Altoona's Blighted Property Program has demolished 244 buildings since 1995 - an average of 14 per year.
The pace accelerated in 2008, when the city made a couple of moves toward simplicity. Since then, the program has averaged 26 demolitions annually.
Before 2008, the city acquired properties before demolishing the buildings on them. It also hired contractors to do the demolitions.
Since then, an in-house crew has performed most of the city's blighted property demolitions under emergency demolition clauses in the Property Maintenance Code, based on abatement-of-nuisance powers in the Third Class City Code.
Acquisition of properties through the Redevelopment Authority was time consuming and complicated. It would take six months to a year, said Blighted Property Program coordinator Mary Johnson.
Under the regimen adopted in 2008, the Blighted Property Review Committee and the Planning Commission still need to certify a property is blighted. But then the codes office merely needs to certify the nuisance with a letter establishing that the property owner failed to comply with an order to demolish or repair.
Using an in-house demolition crew is more efficient than contracting, because jobs it performs don't require advertisements and bids.
There is also a post-demolition advantage. Under the new regimen, the city no longer owns the ground after demolitions, so that it doesn't need to cut the grass.
Not owning the ground has a corresponding disadvantage, however, because the owners who failed to keep up the properties when there were buildings on them almost always fail to keep up those properties when the buildings are gone.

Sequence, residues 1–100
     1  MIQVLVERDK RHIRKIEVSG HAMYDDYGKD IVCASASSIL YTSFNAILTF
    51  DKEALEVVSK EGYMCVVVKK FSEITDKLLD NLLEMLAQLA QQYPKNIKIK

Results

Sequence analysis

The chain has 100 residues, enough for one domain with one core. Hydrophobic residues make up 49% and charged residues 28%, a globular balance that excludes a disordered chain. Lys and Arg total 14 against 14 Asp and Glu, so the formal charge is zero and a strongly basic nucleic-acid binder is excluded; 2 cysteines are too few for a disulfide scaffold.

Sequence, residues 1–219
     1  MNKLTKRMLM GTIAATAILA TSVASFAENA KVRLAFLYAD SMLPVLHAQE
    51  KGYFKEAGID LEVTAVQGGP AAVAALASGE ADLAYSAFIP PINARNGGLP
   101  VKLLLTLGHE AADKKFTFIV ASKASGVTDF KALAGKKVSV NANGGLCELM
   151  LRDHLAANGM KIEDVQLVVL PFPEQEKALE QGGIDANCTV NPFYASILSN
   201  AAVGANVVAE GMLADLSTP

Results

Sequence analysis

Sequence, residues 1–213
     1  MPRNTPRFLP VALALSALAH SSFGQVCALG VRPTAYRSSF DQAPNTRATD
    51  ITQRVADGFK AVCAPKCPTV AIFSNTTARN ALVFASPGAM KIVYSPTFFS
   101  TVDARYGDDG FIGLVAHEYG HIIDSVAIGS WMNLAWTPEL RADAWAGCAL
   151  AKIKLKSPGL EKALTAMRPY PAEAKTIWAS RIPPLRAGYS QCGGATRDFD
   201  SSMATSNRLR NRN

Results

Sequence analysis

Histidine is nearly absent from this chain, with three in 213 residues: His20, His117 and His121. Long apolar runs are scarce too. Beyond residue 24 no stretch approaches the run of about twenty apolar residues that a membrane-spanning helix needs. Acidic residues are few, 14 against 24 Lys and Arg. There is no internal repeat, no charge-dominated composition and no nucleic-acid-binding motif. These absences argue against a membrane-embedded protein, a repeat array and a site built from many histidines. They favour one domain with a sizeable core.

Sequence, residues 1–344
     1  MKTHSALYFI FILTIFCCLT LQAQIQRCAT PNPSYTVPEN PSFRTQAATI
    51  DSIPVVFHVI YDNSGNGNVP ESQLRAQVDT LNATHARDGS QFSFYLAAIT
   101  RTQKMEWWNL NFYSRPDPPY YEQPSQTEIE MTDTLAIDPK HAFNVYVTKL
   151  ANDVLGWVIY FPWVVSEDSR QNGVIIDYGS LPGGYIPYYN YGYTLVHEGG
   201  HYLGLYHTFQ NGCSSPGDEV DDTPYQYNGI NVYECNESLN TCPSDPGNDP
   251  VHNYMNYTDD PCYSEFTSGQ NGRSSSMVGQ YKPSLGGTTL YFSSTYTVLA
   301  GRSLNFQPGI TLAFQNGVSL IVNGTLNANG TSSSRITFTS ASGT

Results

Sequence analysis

In about a quarter of cases, the city razes buildings with the owner's consent, according to city solicitor Larry Clapper.
Many blighted properties find new owners through tax sales, and often those new owners either flip them for a quick profit or let them sit and fester.
If a blighted property, however, goes through both the "upset" and judicial tax sales, they land in the county repository. At that point, those properties are the county's responsibility to demolish, if it can't sell them off after obtaining consent from the other taxing bodies, according to Clapper.
The city liens blighted properties for the cost of demolition. Occasionally, it gets paid, preventing an undeserving owner from a "windfall" benefit, Clapper said.
The average cost of a house demolition is about $7,000, according to Johnson. The city generally allots around $400,000 a year for the Blighted Property Program.
Currently, there is one building scheduled for demolition and four ready to go, Johnson said.
Mirror Staff Writer William Kibler is at 949-7038.